The Paris Review

Solving Riddles, Reading Poems

“I saw two wonderful and weird creatures / out in the open unashamedly / fall a-coupling,” wrote a monk in Old English a thousand years ago, either composing or transcribing a riddle about a rooster and a hen. This riddle and a hundred others—as well as elegies, proverbs, and dreams—were written into one big book, which was bequeathed to Exeter Cathedral by its bishop and subsequently used by the monks as a cutting board and a beer coaster and left vulnerable to bats and bookworms. Still, ninety-four riddles survived.

A thousand years later, I found two dozen of these riddles, translated into modern English and collected in a slim volume called The Earliest English Poems, and a few years after that—now, to be precise—I have published a book of my own riddles and elegies and proverbs.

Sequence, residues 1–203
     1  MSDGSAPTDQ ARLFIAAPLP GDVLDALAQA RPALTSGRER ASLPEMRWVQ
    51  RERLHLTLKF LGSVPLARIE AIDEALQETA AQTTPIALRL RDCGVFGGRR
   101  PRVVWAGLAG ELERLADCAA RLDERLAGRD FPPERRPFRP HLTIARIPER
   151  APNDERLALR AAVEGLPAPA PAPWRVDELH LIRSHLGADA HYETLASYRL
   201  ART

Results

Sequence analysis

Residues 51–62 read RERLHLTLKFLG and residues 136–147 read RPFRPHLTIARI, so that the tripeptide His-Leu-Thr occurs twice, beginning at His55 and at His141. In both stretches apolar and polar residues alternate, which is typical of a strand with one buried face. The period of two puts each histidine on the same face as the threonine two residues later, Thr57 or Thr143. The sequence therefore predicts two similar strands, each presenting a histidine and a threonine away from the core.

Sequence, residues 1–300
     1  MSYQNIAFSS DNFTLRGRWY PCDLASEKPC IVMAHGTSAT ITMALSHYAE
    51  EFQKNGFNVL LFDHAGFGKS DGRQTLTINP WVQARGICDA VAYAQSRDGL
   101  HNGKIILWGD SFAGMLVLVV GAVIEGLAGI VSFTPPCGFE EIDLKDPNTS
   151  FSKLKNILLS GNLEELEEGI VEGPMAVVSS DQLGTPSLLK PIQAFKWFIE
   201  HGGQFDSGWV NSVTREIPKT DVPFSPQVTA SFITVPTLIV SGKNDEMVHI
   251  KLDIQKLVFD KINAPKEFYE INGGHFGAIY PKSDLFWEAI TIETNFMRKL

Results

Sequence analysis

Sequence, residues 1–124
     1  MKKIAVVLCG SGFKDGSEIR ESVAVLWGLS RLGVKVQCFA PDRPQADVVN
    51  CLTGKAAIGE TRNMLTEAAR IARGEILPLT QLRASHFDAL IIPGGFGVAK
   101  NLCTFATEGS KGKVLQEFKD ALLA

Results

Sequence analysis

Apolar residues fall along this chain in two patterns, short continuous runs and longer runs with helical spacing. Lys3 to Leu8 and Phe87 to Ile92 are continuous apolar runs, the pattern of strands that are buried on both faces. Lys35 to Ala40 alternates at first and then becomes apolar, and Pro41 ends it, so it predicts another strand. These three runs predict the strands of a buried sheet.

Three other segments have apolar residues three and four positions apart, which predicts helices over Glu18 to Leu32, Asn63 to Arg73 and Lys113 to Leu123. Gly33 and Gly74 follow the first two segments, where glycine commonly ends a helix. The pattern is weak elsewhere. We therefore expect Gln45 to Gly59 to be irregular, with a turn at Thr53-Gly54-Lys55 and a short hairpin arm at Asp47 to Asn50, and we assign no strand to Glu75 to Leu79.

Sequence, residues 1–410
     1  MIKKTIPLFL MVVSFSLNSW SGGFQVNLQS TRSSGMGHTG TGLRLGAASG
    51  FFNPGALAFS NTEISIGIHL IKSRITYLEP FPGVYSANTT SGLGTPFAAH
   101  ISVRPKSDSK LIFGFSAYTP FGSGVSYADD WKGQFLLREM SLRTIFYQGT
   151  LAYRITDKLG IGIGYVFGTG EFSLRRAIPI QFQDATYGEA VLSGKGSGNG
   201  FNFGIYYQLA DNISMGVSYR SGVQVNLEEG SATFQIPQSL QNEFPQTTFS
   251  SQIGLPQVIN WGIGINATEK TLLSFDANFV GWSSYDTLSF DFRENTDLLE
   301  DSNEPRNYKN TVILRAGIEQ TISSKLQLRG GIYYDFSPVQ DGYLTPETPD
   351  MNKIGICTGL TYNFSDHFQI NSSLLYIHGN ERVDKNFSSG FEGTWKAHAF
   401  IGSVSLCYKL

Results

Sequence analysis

Riddles aren’t confined to English. There are riddles etched into clay tablets from ancient Babylon, and Sanskrit riddles in the Rig Veda (1700–1100 ). Samson

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